All the world’s a stage,
And all the men and women merely players,
They have their exits and their entrances,
And one man in his time plays many parts….

Like many things, the craft of acting has probably become overshadowed by things which originally had little do with its practice (fame and fortune by and large). Professionalisation and commercialisation have part-removed the play and the practice of acting from its roots.

Many think acting is something that actors do. But it wasn’t always so. Once upon a time, storytelling in this way was something accessible to all. I often have the feeling that it would be beneficial to a greater number of people were it to become more freely and widely practiced once again.

Acting reveals to us that however small our part, what we do does have an impact, however small that might be. Everything counts because we are all connected. And if we take that insight back into our everyday lives, we change the world – not in the grandiose, sloganeering sense, so commonly barked at us these days – just simply that we affect the people around us, and that they then affect the people around them.

We not only learn of our impact on those around us from the craft of acting, we can also come to understand things about oursleves. Things previously hidden in plain sight within our ordinary daily lives. This is something the great teacher Keith Johnstone intuitively understood and worked on with his students when accessing and playing within the imagination and the unconscious of those who studied with him.

Johnstone’s work on improvisation was ground-breaking. With his actors he began to explore how to make them more spontaneous, responsive and alive in their work. Beginning from the realisation that rather than children being immature adults, adults were atrophied children, he began to question his own poor schooling experiences.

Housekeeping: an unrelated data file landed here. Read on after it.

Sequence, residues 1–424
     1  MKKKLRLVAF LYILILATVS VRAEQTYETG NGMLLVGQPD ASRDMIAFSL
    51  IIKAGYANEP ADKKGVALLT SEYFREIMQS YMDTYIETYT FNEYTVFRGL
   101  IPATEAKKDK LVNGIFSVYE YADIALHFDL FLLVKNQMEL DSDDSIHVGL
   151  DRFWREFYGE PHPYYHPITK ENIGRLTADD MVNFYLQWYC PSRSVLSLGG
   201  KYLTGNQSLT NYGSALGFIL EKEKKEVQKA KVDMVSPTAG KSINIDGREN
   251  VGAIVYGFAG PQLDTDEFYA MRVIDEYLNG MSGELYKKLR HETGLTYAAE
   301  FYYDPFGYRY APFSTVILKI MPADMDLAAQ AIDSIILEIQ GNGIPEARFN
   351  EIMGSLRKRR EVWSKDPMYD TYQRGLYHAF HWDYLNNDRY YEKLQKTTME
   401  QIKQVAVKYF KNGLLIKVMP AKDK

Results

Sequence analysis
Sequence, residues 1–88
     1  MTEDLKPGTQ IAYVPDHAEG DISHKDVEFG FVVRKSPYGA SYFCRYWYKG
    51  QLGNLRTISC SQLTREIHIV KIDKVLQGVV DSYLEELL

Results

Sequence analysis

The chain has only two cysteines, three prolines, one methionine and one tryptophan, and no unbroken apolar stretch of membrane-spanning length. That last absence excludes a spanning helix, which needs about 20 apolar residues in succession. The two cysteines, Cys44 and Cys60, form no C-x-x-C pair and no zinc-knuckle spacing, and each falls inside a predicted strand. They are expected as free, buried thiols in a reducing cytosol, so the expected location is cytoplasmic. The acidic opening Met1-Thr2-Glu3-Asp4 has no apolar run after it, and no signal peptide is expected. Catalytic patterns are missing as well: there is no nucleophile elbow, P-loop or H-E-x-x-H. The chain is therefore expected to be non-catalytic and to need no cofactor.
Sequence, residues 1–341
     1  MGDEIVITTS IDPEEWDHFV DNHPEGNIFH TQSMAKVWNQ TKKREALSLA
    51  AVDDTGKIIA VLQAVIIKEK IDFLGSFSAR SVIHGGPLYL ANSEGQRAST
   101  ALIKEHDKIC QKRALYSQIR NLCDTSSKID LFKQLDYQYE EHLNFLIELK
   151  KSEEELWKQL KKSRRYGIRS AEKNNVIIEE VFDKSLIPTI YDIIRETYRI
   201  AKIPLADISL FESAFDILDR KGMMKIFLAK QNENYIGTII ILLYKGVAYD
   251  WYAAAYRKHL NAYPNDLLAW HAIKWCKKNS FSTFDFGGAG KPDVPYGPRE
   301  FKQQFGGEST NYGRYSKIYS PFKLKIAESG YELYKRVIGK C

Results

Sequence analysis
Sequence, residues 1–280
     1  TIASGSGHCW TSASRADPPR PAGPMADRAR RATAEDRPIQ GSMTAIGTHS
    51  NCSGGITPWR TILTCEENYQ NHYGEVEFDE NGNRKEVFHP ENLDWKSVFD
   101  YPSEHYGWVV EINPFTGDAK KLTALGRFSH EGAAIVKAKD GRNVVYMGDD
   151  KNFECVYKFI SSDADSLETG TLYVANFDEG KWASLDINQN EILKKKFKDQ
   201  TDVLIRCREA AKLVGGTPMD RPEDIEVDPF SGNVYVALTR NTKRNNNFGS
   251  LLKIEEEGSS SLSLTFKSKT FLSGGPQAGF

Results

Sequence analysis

Johnstone felt that the education system repeatedly blunted creativity, his own and others before and since, and compiled a list of rules of ‘things teachers stopped me from doing’. He then encouraged his students to do the opposite. His unorthodox technique was a success and led to his position as the master of improvisation techniques.

It is a pity that his wonderful techniques do not find the wider audience they deserve. They have a tremendous worth beyond the acting world. We are – regardless of the presence of a stage – acting all the time. Though we might not know it, we play many parts. Johnstone would probably be in agreement that the idea that there is a unified, coherent or true self residing doesn’t make sense, even though it may be a consolatory thought to many.

We are each a collection of selves – one man in his time plays many parts. All of us are different people in different contexts; we are changed by our experiences; we move according to our audience; we take on and let go of roles throughout our lives. We are masterful at pretending – we have to be.

Even if it can be hard to achieve, we have the capacity to change character to play a different part. One way of accessing such possibilities is through the medium of acting. Not by reading about acting, nor by understanding it – but by doing it. And Johnstone’s techniques furnish us with some of the tools.

Johnstone was of the opinion that sanity is a pretence, just a way we learn to behave. We keep up this pretence because we don’t want to be rejected or shut out by others. Privately, most people think they are a little crazier than others and understand from an early age how to shield our personal madness from the world.

But the social expectation to suppress ourselves hampers our spontaneity and originality. We see these things discouraged in schools all the time and the discouragement tends to stick. As we develop into young adults, instead of being allowed to freely voice our innermost thoughts to ourselves or others without fear of judgement, we learn quickly what is or isn’t acceptable to others.

This is often part of the reason people find that therapy can be a liberating experience, and it is also why I think widening acting and improvisation classes could also liberate people to communicate in different ways – spontaneously, creatively, responsively, more truthfully.

In rediscovering the imaginative world of childhood through the vehicle of acting and improvisation, we re-discover the elements that make for more creative communication. The play of theatre extended out into the transactions of everyday life can potentially make all the world a stage for all of the people, rather than the sole domain of the actors we love to watch.